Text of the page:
Day for the Indigenous

Today is Indigenous Peoples’ Day. Those who came before finally have a day of their own, and arts organizations are thankfully putting more consistent commitment into honoring those whose land is now occupied by performing arts centers, offices, churches and wherever you’re doing your stuff.

You’ve probably heard people recognize the original inhabitants of the land they’re living and working on, whether it’s (in my case) the Gabrielino Tongvas, or one of the hundreds of other tribes documented in the US alone. The fact is, native tribes in our country have lost 99% of their land, and many are trying to at least acknowledge that fact by leaving Columbus Day behind, and as recently as 2021 (when Indigenous Peoples’ Day become a federal holiday), replacing it with opportunities to learn about our local tribes and the rich cultures that came before us.

A place to start: how about congratulations to the Tongva people for a return to part of their homeland?

How to mark the day

This day is more about acknowledgment than celebration, so not everyone will respond well to “Happy Indigenous Peoples’ Day!” Instead, do something that’s meaningful and share your experience. Find out where you are, and who lived there long ago. This map can help with that.

You might also attend a local or online event to mark the day, so you can learn more about the cultures around us. This website outlines related events all over the country, but beware that some of them are designed specifically for tribal people, so always be respectful of that.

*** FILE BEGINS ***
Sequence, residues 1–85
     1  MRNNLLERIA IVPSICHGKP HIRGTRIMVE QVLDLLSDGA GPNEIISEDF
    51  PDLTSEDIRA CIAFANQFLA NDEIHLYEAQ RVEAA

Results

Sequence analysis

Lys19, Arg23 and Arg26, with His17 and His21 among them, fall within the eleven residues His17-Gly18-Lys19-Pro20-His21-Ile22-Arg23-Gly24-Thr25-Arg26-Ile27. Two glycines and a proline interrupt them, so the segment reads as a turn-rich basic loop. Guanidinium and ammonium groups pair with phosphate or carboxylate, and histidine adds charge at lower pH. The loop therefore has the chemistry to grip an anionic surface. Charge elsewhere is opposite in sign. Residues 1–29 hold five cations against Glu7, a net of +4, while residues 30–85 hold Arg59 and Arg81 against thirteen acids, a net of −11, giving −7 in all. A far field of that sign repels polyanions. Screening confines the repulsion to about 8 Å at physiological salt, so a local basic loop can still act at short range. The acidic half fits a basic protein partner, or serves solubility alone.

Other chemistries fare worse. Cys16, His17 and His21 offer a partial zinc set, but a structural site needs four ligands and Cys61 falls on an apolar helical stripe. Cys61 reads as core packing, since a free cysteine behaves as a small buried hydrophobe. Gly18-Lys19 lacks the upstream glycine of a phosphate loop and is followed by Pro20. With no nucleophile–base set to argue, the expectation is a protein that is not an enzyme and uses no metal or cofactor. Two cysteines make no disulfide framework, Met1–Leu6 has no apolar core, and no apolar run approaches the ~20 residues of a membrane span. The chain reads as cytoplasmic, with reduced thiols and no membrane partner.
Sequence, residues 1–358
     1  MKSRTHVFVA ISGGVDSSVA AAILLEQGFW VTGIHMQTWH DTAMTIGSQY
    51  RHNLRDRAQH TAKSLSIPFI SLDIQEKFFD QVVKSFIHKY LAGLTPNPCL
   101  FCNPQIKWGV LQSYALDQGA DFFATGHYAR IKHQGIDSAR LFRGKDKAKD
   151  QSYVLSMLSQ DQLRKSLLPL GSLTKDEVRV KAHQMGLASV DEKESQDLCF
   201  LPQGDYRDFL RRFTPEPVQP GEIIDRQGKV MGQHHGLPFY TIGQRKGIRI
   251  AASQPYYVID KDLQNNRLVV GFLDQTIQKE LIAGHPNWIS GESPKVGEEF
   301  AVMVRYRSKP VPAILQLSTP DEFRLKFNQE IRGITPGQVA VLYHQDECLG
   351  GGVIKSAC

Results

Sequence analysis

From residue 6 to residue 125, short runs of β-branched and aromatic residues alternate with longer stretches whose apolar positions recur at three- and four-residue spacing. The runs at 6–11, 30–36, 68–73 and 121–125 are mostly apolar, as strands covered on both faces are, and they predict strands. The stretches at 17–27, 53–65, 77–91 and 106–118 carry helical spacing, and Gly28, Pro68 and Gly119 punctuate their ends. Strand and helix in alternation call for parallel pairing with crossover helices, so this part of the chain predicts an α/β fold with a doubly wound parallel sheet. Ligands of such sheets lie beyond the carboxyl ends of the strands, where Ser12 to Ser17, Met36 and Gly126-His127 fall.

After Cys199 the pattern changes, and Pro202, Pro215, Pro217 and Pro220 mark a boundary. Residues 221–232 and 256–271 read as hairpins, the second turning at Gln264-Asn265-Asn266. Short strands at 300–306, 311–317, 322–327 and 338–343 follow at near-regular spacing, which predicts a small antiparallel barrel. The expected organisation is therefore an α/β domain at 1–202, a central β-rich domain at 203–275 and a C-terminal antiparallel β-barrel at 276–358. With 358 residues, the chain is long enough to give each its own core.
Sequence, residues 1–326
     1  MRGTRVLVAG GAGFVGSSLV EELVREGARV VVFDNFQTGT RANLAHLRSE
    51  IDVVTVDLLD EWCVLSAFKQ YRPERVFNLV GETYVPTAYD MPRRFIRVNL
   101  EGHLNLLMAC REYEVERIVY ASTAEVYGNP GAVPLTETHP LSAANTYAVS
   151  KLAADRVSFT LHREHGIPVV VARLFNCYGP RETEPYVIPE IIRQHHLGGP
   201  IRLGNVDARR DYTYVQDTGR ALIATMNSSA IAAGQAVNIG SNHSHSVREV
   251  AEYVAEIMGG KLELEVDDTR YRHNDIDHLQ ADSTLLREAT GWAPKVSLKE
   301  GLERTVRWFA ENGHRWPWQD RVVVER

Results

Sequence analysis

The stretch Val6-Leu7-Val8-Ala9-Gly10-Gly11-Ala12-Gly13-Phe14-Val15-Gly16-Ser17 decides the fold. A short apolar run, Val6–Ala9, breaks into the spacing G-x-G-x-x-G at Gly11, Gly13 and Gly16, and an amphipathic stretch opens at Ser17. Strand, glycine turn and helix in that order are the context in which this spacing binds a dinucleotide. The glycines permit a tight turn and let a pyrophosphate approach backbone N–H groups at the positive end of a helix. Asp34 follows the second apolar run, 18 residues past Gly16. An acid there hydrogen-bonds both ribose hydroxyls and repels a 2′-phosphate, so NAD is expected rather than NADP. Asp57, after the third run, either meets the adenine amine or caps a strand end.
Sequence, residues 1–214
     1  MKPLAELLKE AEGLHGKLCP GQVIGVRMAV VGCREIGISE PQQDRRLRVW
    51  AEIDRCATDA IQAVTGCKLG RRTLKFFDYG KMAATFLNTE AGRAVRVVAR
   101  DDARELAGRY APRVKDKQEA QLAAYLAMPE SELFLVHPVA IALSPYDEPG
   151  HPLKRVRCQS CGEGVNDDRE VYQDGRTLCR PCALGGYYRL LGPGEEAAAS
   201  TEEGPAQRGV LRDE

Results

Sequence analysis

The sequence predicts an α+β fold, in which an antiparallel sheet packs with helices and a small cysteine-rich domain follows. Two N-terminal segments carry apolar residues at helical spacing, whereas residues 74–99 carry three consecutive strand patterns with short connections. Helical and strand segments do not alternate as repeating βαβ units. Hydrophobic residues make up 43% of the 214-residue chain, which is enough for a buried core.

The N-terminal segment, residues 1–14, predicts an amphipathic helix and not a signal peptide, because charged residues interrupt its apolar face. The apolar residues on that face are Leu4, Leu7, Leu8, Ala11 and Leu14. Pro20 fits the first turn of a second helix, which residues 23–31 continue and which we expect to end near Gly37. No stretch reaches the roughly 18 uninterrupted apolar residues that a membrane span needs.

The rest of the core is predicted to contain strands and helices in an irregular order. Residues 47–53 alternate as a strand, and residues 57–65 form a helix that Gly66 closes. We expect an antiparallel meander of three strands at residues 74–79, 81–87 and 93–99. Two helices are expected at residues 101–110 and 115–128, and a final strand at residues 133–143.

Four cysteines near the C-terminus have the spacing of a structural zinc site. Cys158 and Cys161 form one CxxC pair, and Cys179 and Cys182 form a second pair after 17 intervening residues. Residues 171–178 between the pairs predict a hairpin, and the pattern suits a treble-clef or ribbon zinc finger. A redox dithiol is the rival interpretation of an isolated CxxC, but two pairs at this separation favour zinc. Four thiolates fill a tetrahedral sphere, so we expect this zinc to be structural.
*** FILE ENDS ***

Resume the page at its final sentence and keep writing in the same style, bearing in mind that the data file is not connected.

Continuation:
Not sure about your own roots?

November is actually Native American Heritage Month, but you can dive into this rich history anytime. The month’s official website is a good place to start

You can trace your own heritage and learn more about your ancestors, especially if you have personal connections to Native American tribes. You never know about your own mix unless you’ve been researched or tested: My family has an old connection with the Sioux, and while the link is many generations back, learning more that culture has been surprising and enlightening… and we’re just getting started. If you’d like to dig deeper, these sites might help, as things might get a little complicated. But don’t let that stop you…

…and also…

Don’t forget the music connection

There are some resources online that reveal composers and works that have roots with indigenous cultures. Here are a few:

But don’t forget the hyperlocal: start developing an awareness of your own colleagues and the roots they’re proud of. If the moment arises, ask questions, but don’t press. Let them reveal and celebrate their background on their own individual timelines. (What we don’t want is a lot of tokenism and fake-themed concerts designed to show off and appropriate diversity.) Listening is most important, and will enrich everyone’s lives and work. Real collaboration will come.

The Canadians have been developing their awareness longer than we have, and so they’re already a bit ahead of the game. That land map linked above, for instance, comes from the north, as does this article on Canadian musicians with indigenous roots. Hopefully we’ll see more and more celebrations of all kinds of classical diversity as we all grow together.

Today’s the day to keep that going!

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